Tuesday, June 7, 2011

Poor University of Chicago (redux)

Last January I lamented in a posting about the University of Chicago having Obama's chair of the council of economic advisors on its faculty. While I am certain that Austan Goolsbee has a sterling record of economic academic achievement to be a full professor at Chicago, he is also a liar. He has uttered a constant stream of pronouncements about the economy that not even the most ardent cheerleader believes. When the current rate of job creation was announced along with anemic economic growth, he actually said that we were on target. He along with Treasury secretary Geithner were spreading doom and gloom about not raising the debt ceiling - causing the effects "catastrophic". As I have pointed out before, no one believes that. The US takes in enough "revenues" to service the debt, pay entitlements and some other bills. Politicians consider it a catastrophe if they cannot spend ever increasing amounts of taxpayers monies. Since the debt ceiling is the only real hard stop to this government's profligateness, then it may be our only realistic solution to government spending excesses. While his predecessor Christie Romer (see my posting "Poor Christie Romer") actually had a pained look on her face when she uttered lies for the administration, Goolsbee actually looked like he believed the nonsense that came from his lips. I simply amazes me that he could do all this in good conscience. Now he returns back to the university where he can also make up stuff when he lectures to students. Hopefully they are smart enough to discount whatever he is opining.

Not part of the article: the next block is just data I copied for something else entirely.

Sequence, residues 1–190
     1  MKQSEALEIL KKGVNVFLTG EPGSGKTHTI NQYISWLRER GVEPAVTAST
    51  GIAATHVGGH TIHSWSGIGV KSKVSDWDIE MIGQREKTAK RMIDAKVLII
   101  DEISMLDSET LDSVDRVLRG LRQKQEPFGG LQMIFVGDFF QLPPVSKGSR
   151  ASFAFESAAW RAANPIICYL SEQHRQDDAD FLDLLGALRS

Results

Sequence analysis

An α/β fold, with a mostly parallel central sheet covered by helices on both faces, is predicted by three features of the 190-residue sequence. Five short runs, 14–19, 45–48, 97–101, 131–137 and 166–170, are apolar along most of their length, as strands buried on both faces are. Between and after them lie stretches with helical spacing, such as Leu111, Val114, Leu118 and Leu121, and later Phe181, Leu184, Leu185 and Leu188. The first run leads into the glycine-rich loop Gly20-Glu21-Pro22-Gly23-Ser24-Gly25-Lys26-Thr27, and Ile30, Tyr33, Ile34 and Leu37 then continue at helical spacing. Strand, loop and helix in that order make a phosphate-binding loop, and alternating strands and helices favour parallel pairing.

Anonymous said...

Dr. Black,
In your opinion is it wise to drastically cut government spending with the economy still in fragile recovery? Entitlement spending MUST be cut back quickly for the country to avoid bankruptcy but it is difficult to determine the best policy for when and how to do so.

H.A. Black said...

Dear Anon, Spending cannot be cut quickly. The entitlement programs lurch toward insolvency only because of benefits currently promised versus amounts paid into Social Security and Medicare. The benefits can be cut (or put into a block grant) for those under 55 leaving those over 55 with the benefits untouched. The "retirement" age for Social Security can be raised to 70 for those currently under the age of 45 and that fund will be solvent. What we have demonstrated is that the rapid run up in government spending is not the answer and needs to be reduced to the 18-20 percent range.